Immunohistochemical evidence suggests intrinsic regulatory activity of human eccrine sweat glands
Immunohistochemistry of normal eccrine sweat glands was performed on paraffin sections of human skin. Immunoreactivity (ir) for neuron specific enolase, S100 protein (S100), regulatory peptides, nitric oxide synthase type I (NOS-I) and choline-acetyltransferase (ChAT) was found in small nerve bundles close to sweat glands. In the glands, secretory cells were labelled with anticytokeratin antibody. Using antibodies to S100, calcitonin gene-related peptide (CGRP) and substance P (SP) a specific distribution pattern was found in secretory cells. Granulated (dark) and parietal (clear) cells were immunopositive for CGRP, and S100 and SP, respectively. Immunoreactivity was diffuse in the cytoplasm for CGRP and S100, and peripheral for SP. Myoepithelial cells were not labelled. Electron microscopy revealed electron dense granules, probably containing peptide, in granulated cells. Using antibodies to NOS-I and ChAT, ir was exclusively found in myoepithelial cells. Immunoreactivity for the atrial natriuretic peptide was absent in sweat glands. These results provide evidence for the presence of both regulatory peptides involved in vasodilation and key enzymes for the synthesis of nitric oxide and acetylcholine in the secretory coil of human sweat glands. It is suggested that human sweat glands are capable of some intrinsic regulation in addition to that carried out by their nerve supply.(Accepted January 5 1999)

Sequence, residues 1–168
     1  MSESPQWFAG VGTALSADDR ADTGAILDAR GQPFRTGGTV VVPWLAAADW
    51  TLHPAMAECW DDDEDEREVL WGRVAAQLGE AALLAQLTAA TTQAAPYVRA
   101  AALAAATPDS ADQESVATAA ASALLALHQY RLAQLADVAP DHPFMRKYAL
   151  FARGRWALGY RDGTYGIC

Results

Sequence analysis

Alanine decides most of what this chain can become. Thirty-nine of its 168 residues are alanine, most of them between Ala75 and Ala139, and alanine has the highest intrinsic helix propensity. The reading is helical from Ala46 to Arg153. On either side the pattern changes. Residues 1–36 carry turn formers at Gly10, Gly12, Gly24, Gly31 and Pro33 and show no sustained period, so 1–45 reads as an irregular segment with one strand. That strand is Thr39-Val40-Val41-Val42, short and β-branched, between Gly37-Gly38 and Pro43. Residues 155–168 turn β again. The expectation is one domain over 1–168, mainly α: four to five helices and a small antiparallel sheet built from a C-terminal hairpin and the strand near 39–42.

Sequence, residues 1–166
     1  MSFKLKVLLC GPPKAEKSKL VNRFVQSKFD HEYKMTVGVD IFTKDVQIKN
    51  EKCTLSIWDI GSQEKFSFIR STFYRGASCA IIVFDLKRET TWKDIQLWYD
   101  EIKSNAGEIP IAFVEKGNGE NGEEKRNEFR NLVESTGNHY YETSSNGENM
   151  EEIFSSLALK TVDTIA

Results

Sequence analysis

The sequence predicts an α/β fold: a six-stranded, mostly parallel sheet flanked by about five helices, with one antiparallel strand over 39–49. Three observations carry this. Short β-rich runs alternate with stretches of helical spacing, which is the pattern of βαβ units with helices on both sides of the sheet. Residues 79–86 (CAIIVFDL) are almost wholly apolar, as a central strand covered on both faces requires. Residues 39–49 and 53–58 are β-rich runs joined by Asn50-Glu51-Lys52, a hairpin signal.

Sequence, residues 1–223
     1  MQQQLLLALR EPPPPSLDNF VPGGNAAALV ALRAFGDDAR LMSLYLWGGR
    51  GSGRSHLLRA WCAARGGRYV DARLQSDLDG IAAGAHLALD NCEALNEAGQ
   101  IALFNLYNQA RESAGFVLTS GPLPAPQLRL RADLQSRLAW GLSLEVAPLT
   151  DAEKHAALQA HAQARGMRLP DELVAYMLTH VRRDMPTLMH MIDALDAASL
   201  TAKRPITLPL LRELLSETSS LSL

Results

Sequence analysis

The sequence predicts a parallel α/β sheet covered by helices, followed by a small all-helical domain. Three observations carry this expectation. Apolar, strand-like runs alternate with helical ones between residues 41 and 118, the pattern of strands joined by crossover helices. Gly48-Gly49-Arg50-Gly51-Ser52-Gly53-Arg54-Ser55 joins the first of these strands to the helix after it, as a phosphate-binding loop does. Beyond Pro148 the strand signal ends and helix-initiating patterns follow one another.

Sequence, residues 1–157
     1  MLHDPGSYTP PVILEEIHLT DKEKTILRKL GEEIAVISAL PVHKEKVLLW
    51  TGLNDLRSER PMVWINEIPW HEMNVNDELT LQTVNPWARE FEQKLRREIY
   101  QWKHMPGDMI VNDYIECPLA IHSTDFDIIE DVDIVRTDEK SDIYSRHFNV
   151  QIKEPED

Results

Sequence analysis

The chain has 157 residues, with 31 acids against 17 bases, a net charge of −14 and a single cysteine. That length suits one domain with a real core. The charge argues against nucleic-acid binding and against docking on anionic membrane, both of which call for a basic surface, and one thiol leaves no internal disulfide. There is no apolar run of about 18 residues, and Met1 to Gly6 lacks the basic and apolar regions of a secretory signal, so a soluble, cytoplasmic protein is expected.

Key Words: Neuropeptides; nitric oxide synthase; choline-acetyltransferase; substance P; calcitonin gene-related peptide.
c1 Correspondence to Dr Carlo Zancanaro, Istituto di Anatomia Umana ed Istologia, Strada Le Grazie, 8, I-37134 Verona, Italy. Tel.: +39–45–8098155; fax +39–45–8098163; e-mail: Carloz@borgoroma.univr.it